|African Violet||1.2 to 1.5||6.0 to 7.0|
|Basil||1.0 to 1.6||5.5 to 6.0|
|Bean||2.0 to 4.0||6|
|Banana||1.8 to 2.2||5.5 to 6.5|
|Broccoli||2.8 to 3.5||6.0 to 6.8|
|Cabbage||2.5 to 3.0||6.5 to 7.0|
|Celery||1.8 to 2.4||6.5|
|Carnation||2.0 to 3.5||6|
|Courgettes||1.8 to 2.4||6|
|Cucumber||1.7 to 2.0||5.0 to 5.5|
|Eggplant||2.5 to 3.5||6|
|Ficus||1.6 to 2.4||5.5 to 6.0|
|Leek||1.4 to 1.8||6.5 to 7.0|
|Lettuce||1.2 to 1.8||6.0 to 7.0|
|Marrow||1.8 to 2.4||6|
|Okra||2.0 to 2.4||6.5|
|Pak Choi||1.5 to 2.0||7|
|Peppers||0.8 to 1.8||5.5 to 6.0|
|Parsley||1.8 to 2.2||6.0 to 6.5|
|Rhubarb||1.6 to 2.0||5.5 to 6.0|
|Rose||1.5 to 2.5||5.5 to 6.0|
|Spinach||1.8 to 2.3||6.0 to 7.0|
|Strawberry||1.8 to 2.2||6|
|Sage||1.0 to 1.6||5.5 to 6.5|
|Tomato||2.0 to 4.0||6.0 to 6.5|
The EC of a nutrient solution can be checked by using an EC meter, which can be bought online and ranges from $100 to $500. A meter that has both EC and pH capabilities is also available (Figure 2). The buffer solution, which can be bought online, is used to calibrate the EC meter (Figure 3).
Every buffer solution has a specific EC (usually 1.41 mS/cm). After placing the probe in the buffer solution, set the EC meter to that specific EC by adjusting the knob on the EC meter. This allows you to calibrate an EC meter.
The following steps should be performed for EC management:
1.Fill the nutrient tank with tap or filtered water and add fertilizer. Base quantity on the manufacturer recommendation.
2.Calibrate the EC meter probe using the buffer solution.
3.Make sure the nutrient solution is stirred up and allow the reading to stabilize, which may take a couple of minutes.
4.If the reading is higher than the optimum level, dilute the solution by adding more water, then repeat step 3.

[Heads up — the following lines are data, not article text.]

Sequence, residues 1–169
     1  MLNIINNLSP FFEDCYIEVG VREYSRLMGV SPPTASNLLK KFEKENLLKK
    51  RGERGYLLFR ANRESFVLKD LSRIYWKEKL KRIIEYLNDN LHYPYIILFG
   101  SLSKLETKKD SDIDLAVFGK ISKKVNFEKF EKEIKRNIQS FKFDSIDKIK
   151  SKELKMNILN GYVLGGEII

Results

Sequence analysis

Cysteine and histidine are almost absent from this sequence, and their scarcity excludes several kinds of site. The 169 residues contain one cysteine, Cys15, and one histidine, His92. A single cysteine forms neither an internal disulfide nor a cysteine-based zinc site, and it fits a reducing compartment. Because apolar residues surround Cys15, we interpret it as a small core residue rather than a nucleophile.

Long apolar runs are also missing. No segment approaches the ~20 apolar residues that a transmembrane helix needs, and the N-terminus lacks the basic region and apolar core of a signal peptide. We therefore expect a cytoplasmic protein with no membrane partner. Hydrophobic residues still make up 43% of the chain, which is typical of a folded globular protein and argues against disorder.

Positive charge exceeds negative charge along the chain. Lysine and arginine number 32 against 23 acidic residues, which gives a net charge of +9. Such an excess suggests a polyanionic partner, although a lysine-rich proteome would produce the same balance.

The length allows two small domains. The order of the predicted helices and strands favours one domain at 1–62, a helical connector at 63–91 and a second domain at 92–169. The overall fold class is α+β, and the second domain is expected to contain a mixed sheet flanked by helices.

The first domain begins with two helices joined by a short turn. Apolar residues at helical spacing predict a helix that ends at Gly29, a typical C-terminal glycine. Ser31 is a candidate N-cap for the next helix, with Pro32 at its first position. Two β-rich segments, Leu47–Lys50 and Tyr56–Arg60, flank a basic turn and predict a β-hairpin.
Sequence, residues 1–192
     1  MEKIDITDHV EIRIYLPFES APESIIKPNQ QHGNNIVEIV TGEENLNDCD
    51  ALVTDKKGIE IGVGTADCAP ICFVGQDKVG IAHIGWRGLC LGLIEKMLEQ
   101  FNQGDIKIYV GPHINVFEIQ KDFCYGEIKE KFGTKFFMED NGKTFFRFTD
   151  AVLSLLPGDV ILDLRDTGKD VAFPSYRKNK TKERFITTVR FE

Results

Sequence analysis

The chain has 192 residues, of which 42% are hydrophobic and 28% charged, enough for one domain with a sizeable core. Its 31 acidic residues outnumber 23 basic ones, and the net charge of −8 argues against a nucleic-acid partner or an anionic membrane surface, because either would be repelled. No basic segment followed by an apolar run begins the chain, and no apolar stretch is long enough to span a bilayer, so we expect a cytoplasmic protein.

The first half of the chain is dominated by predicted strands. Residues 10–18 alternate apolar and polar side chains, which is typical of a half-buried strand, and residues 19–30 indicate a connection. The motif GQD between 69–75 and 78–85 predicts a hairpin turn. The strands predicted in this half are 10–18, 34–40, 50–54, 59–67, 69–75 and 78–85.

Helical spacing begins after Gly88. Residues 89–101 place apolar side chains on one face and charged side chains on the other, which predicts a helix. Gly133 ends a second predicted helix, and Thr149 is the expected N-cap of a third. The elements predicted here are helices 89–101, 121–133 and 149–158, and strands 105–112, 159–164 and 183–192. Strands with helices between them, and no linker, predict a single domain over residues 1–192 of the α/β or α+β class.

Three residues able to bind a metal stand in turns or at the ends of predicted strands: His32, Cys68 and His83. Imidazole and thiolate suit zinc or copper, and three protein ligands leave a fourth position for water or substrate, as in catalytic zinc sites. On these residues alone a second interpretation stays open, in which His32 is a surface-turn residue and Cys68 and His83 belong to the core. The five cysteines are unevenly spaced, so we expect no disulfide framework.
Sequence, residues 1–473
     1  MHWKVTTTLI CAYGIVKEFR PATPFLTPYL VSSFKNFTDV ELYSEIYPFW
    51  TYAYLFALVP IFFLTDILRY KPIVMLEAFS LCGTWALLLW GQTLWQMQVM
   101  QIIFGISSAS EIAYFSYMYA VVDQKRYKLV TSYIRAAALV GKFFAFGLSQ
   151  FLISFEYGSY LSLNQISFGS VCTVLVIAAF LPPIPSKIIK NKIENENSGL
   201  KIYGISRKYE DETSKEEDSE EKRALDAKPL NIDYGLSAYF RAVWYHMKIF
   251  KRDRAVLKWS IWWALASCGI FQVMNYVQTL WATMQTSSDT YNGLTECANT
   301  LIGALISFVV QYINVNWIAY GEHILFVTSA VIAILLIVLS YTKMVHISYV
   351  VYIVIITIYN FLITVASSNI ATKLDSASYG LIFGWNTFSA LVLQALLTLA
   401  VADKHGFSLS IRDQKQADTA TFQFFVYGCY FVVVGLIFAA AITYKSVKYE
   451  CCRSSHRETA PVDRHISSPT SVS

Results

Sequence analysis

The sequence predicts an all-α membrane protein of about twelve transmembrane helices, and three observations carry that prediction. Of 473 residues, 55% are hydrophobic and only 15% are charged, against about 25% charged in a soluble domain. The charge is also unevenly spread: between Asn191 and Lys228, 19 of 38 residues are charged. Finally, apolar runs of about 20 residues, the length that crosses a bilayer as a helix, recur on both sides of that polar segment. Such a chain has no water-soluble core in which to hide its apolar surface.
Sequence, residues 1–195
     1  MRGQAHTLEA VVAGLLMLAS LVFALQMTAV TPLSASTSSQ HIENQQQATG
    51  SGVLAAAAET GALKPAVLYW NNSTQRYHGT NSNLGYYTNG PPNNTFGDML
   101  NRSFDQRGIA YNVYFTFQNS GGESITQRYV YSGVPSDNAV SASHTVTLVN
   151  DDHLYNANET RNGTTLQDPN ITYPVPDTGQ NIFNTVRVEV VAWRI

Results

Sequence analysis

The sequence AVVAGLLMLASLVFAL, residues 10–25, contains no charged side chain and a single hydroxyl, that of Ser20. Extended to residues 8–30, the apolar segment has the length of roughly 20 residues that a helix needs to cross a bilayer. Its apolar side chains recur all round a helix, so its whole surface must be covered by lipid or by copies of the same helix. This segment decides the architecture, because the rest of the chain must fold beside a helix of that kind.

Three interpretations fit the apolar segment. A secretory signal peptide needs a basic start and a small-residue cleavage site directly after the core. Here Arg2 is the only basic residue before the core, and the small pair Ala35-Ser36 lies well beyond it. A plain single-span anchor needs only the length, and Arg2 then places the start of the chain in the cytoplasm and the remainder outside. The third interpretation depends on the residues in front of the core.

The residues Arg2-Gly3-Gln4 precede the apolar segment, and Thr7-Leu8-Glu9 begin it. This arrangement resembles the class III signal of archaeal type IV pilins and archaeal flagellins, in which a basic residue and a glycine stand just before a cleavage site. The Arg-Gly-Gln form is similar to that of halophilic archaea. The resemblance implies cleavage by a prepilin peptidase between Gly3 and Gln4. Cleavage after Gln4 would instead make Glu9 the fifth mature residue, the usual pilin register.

5.If the reading is below the optimum level, add nutrient concentrate until the optimum level is reached by repeating step 3.
6.Rinse the probe in tap water and store in probe-cleaning fluid.
The pH of a solution is checked by using a pH meter, which can be bought online and ranges between $100 to $500. A pH meter probe is calibrated using pH buffer solution, which can also be bought online and usually comes in pH 4, 7 or 10 (Figure 4).
The following steps should be performed for pH management:
1.Set the desired EC value of the solution.
2.Calibrate the pH meter probe using the buffer solution. Make sure the nutrient solution is stirred up and allow the reading to stabilize, which may take a couple of minutes.
3.If the pH reading is high, add phosphoric acid, citric acid, vinegar or pH down products slowly. Wait several minutes before adding more. Repeat until the pH reaches the optimum range.
4.If the pH is low, add potassium hydroxide, potassium carbonate or a pH up product slowly. Repeat until the pH reaches the optimum range.
5.Clean the probe and store in cleaning fluid.
1.pH should always be checked after getting the EC into the optimum range.
2.The pH and EC should be checked daily.
3.Check the pH and EC at the same time of day.
4.Water temperature of 72 to 75 F is optimal.
Refreshing the Nutrient Solution
Water may need to be added daily to refresh and replace water consumed by the plants, depending on your water tank size. Nutrient ratios can vary beyond their desired limits through time, causing deficiencies and toxicities. For example, sodium chloride (table salt) will increase in concentration with the constant addition of water and nutrient adjustments, resulting in toxicities. It is advisable to replace the nutrient solution completely every two weeks.
Automatic Monitoring System
The pH and EC can be adjusted manually for small-scale operations, but for commercial farms the amount of solution used in hydroponics is very high, so pH and EC management is time consuming. An automated monitoring system has benefits, such as labor savings, avoiding nutrient shock to plants and removing human error. This system costs between $500 to $4,000. Manufactures that produce products for automatic monitoring systems include Autogrow, Intellidose, Hanna and CropKing Fertroller System to name a few.
Graduate Assistant, Vegetables
Associate Professor, Floriculture